I’ve never been much of a coffee drinker—tea has always been my drink of choice. So, what better way to enjoy my favorites than by growing my own tea garden?
Herbal tea gardens are a great because they’re easy to cultivate, and there are many herbal varietals to choose from. Plus, you can get incredible, fresh flavor when you brew your own.
There are so many kinds of mint—this year, I’m growing peppermint, catnip, banana mint, and pineapple mint. Rich in nutrients, mint is both delicious and medicinal, known for easing both digestion and indigestion. Mint can also relieve a runny nose by clearing congestion. A perennial herb that thrives in both sun and shade, mint is a vigorous grower and should always be grown in its own pot—plant it in a raised bed or in the ground at your peril. If you do so, it will take over your yard, and you’ll be digging it out for years to come. However, if it does take over, it may help repel critters from your yard!
To make drying herbs a cinch, I use an herb drying rack. You can also dry mint by tying it into a bundle with string and hanging it upside down.
This tea recipe can be served iced or hot—perfect for both cooling down on sunny days and curling up under a blanket on cold, wintry ones.
I love plants that do double duty, and lemongrass fits the bill. Not only can you brew a delicious cup of tea from lemongrass, but it also serves as a natural mosquito repellent. Lemongrass doesn’t quite taste like lemons when brewed—it’s less tangy and acidic—but it does provide a nice grassy, mild lemon profile. Packed with antioxidants, it is good for heart health and blood pressure, boosts immunity, and may even help lower anxiety. Very easy to grow, all lemongrass requires is a nice sunny spot, consistent watering, and well-draining soil to do its thing. Since it’s a tropical plant, consider this as an annual in Chicago; it will die off once the cold fall air sweeps in.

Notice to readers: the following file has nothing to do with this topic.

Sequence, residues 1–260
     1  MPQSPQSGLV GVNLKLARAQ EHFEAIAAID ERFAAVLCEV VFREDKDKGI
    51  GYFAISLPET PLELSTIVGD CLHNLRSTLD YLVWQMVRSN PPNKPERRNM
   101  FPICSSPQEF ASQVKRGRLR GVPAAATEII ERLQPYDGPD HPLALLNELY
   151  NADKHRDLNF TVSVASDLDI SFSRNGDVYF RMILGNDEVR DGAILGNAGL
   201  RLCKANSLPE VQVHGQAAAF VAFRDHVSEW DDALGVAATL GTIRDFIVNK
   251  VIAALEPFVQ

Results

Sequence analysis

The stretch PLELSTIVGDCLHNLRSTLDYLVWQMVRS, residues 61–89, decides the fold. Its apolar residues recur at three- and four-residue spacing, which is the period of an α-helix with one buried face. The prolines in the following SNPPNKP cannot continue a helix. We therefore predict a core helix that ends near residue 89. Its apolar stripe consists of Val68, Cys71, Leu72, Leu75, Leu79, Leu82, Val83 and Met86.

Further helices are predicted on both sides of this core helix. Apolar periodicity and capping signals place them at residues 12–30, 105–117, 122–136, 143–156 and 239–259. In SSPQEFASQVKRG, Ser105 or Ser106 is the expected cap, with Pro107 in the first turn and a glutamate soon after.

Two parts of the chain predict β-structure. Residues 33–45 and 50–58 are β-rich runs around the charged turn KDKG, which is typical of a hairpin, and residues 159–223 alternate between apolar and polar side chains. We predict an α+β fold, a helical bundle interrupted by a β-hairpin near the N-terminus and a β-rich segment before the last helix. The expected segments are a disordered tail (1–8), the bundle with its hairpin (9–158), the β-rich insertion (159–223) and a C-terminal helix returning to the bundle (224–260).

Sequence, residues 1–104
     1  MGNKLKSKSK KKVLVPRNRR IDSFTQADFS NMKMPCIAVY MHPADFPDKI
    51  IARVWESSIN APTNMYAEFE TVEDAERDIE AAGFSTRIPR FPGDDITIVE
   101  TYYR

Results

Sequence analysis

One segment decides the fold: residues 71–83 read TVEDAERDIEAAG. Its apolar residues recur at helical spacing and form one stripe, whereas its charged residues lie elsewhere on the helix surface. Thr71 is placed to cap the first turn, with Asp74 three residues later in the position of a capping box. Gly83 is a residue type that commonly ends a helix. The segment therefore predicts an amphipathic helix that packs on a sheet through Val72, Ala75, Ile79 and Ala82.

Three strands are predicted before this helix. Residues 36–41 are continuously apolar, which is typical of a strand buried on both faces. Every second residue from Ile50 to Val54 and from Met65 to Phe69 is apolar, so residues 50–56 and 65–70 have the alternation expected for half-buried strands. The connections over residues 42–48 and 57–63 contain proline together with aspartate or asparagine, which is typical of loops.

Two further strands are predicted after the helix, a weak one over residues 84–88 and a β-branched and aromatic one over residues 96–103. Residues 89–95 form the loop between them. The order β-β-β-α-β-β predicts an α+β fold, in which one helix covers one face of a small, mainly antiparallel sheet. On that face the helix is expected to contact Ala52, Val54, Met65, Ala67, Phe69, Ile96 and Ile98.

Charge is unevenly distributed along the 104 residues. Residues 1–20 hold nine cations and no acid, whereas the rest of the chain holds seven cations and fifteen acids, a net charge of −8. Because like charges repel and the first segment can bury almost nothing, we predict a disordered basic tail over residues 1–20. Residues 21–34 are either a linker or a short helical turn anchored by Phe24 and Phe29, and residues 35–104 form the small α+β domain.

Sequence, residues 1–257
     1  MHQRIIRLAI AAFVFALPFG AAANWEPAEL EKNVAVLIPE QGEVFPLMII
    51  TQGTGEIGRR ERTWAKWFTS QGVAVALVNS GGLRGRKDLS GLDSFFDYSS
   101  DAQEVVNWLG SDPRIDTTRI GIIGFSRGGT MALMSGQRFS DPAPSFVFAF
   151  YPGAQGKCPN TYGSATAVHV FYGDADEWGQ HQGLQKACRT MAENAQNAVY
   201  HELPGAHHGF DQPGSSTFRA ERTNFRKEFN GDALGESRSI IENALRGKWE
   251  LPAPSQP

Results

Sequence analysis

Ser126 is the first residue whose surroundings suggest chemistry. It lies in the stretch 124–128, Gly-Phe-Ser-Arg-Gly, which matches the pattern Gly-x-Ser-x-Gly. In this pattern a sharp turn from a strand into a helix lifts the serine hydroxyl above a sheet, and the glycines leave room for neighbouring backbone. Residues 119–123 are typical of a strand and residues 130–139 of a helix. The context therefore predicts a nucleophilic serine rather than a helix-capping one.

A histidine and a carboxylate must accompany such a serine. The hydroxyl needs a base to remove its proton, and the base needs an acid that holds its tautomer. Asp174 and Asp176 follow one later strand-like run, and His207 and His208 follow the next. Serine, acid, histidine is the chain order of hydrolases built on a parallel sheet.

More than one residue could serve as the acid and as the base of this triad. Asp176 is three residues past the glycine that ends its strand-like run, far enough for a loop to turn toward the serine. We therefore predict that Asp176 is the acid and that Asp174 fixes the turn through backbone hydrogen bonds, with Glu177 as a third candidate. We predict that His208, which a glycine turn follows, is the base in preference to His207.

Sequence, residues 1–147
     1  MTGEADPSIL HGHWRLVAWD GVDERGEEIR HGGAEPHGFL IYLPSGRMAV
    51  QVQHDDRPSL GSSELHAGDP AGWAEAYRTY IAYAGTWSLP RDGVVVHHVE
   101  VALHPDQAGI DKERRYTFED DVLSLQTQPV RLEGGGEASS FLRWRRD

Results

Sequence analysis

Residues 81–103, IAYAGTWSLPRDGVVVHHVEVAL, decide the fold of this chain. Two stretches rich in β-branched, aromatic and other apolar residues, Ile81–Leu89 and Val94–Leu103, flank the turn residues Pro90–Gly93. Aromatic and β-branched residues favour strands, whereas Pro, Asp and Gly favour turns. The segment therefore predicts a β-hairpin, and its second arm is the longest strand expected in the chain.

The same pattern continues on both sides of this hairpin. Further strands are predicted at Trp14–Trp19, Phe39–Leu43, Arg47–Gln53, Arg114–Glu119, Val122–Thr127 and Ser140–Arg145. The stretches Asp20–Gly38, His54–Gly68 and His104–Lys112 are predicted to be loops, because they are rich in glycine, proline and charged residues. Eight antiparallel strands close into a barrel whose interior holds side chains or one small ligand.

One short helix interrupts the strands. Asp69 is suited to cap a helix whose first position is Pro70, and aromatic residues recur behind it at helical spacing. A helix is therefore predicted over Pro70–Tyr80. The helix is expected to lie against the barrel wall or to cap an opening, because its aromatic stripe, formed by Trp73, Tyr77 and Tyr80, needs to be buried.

To dry lemongrass, bundle them into circles and space them apart on a flat surface.
This recipe is the one I make most frequently. Some people like it sweetened, but I enjoy it without honey or sugar.
Celestial Seasonings “Red Zinger” is one of my favorite teas—any hibiscus tea, as a matter of fact, is my jam. So, I was excited when I discovered I could make my own brew by growing roselle, which is native to West Africa; the herb is also known as sorrel, Florida Cranberry, and Flor de Jamaica. In the Caribbean, it is best known as the main ingredient in the holiday drink Sorrel. Although a perennial in tropical climates (hardy in USDA Zones 8 to 11), it’s best grown as an annual in colder climates like Chicago.
Roselle produces big, beautiful blooms in the summertime, and, after the flowers fade, you can harvest the calyxes for jellies, Red Zinger, and iced teas like Agua de Jamaica.
You are very likely to find this popular iced tea on the menu at your local taqueria, right next to the horchata.
An herb that originates from the daisy-like flowers of the Asteraceae plant family, chamomile has traditionally been used to treat such conditions as anxiety and depression. When I need a stress reliever or have trouble sleeping, I brew up a cup of chamomile tea, which is made from dried flowers and then infused into hot water. This plant is a hardy self-sower, like mint. Be careful where you plant German chamomile; I still have it popping up all over my garden years after planting. (In some areas, it’s considered a weed.) A drought-tolerant plant, chamomile grows well in either full sun or partial shade.
Legend has it that tea was discovered in China when Emperor Shen Nung accidentally came across the tea plant (Camellia sinensis) almost 5,000 years ago. After that first delicious cup was brewed, tea spread across the world and has been enjoyed by people of all different cultures.
I prefer using coconut milk, but this refreshing hot or cold latte can be made with any other dairy or non-dairy milk.